If prediction markets (and most hardheaded analysis) are to be believed, Hillary Clinton, having demonstrated her staying power, is the overwhelming favorite for the Democratic nomination. The Republican race, by contrast, has seen a lot of consolidation — it’s pretty much down to a two-man race — but the outcome is still up for grabs.
The thing is, one of the two men who may still have a good chance of becoming the Republican nominee is a scary character. His notions on foreign policy seem to boil down to the belief that America can bully everyone into doing its bidding, and that engaging in diplomacy is a sign of weakness. His ideas on domestic policy are deeply ignorant and irresponsible, and would be disastrous if put into effect.
The other man, of course, has very peculiar hair.
Marco Rubio has yet to win anything, but by losing less badly than other non-Trump candidates he has become the overwhelming choice of the Republican establishment. Does this give him a real chance of overtaking the man who probably just won all of South Carolina’s delegates? I have no idea.
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But what I do know is that one shouldn’t treat establishment support as an indication that Rubio is moderate and sensible. On the contrary, not long ago someone holding his policy views would have been considered a fringe crank.
Let me leave aside Rubio’s terrifying statements on foreign policy and his evident willingness to make a bonfire of civil liberties, and focus on what I know best, economics.
You probably know that Rubio is proposing big tax cuts, and you may know that among other things he proposes completely eliminating taxes on investment income — which would mean, for example, that Mitt Romney would end up owing precisely zero in federal taxes.
What you may not know is that Rubio’s tax cuts would be almost twice as big as President George W. Bush’s as a percentage of gross domestic product — despite the fact that federal debt is much higher than it was 15 years ago, and Republicans have spent the Obama years warning incessantly that budget deficits will destroy America any day now.
But not to worry: Rubio insists that his tax cuts would pay for themselves by unleashing incredible economic growth. Never mind the complete absence of any evidence for this assertion — in fact, the last two Democratic presidents, both of whom raised taxes on the rich, both presided over better private-sector job growth than Bush did (and that’s even if you leave out the catastrophe of Bush’s last year in office.)
Then there’s Rubio’s call for a balanced-budget amendment, which, aside from making no sense at the same time he is calling for budget-busting tax cuts, would have been catastrophic during the Great Recession.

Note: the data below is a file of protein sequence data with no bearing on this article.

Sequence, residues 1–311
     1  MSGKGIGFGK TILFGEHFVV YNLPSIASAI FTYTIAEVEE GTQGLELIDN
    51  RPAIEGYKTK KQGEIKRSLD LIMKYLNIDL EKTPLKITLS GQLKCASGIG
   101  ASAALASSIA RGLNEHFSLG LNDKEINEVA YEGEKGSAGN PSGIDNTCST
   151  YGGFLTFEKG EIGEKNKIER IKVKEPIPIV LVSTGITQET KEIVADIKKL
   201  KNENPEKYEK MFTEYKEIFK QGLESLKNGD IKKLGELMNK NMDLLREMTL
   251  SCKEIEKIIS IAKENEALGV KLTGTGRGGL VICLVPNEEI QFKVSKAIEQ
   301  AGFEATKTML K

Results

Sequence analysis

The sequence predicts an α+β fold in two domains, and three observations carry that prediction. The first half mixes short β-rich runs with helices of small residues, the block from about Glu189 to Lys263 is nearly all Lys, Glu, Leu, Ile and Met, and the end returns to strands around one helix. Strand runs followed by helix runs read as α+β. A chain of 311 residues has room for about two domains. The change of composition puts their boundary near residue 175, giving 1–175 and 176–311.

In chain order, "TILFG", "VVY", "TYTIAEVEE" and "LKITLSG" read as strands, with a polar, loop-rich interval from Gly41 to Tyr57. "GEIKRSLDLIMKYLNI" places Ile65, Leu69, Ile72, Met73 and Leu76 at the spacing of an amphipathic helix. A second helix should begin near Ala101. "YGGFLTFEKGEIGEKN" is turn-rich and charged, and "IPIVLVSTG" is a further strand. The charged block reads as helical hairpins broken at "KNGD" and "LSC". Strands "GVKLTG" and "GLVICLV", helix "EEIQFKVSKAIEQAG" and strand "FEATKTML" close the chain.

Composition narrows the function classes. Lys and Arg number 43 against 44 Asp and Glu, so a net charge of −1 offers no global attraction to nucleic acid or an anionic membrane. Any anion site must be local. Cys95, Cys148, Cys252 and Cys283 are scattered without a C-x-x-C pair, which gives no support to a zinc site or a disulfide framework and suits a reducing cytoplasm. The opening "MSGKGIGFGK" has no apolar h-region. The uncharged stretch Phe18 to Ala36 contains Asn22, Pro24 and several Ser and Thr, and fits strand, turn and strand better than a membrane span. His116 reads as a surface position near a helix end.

Finally, there’s monetary policy. Republicans have spent years inveighing against the Fed’s efforts to stave off economic disaster, warning again and again that runaway inflation is just around the corner —and being wrong all the way. But Rubio hasn’t changed his monetary tune at all, declaring a few days ago that it’s “not the Fed’s job to stimulate the economy” (although the law says that it is).
In short, Rubio is peddling crank economics. What’s interesting, however, is why. You see, he’s not pandering to ignorant voters. He’s pandering to an ignorant elite.
Donald Trump’s rise has confirmed something polling data already suggested, that most Republican voters don’t actually subscribe to much of the party’s official orthodoxy. Trump has said the unsayable on many issues, from declaring that we were deceived into war to calling for higher taxes on the wealthy (although his own plan does no such thing). Each time, party insiders have waited to see his campaign collapse as a result, and each time he has ended up paying no political price.
So when Rubio genuflects at the altars of supply-side economics and hard money, he isn’t telling ordinary Republicans what they want to hear — by and large the party’s base couldn’t care less. He is, instead, pandering to the party’s elite, consisting mainly of big donors and the network of apparatchiks at think tanks, media organizations and so on.
In the GOP, crank doctrines in economics and elsewhere aren’t bubbling up from below, they’re being imposed from the top down.
What this means, in turn, is that Rubio’s consolidation of establishment support isn’t a testament to his good sense. In fact, it’s almost the opposite, a reward for his willingness to echo party orthodoxy even, or perhaps especially, when it’s nonsense.
So don’t let anyone tell you that the Republican primary is a fight between a crazy guy and someone reasonable. It’s idiosyncratic, self-invented crankery vs. establishment-approved crankery, and it’s not at all clear which is worse.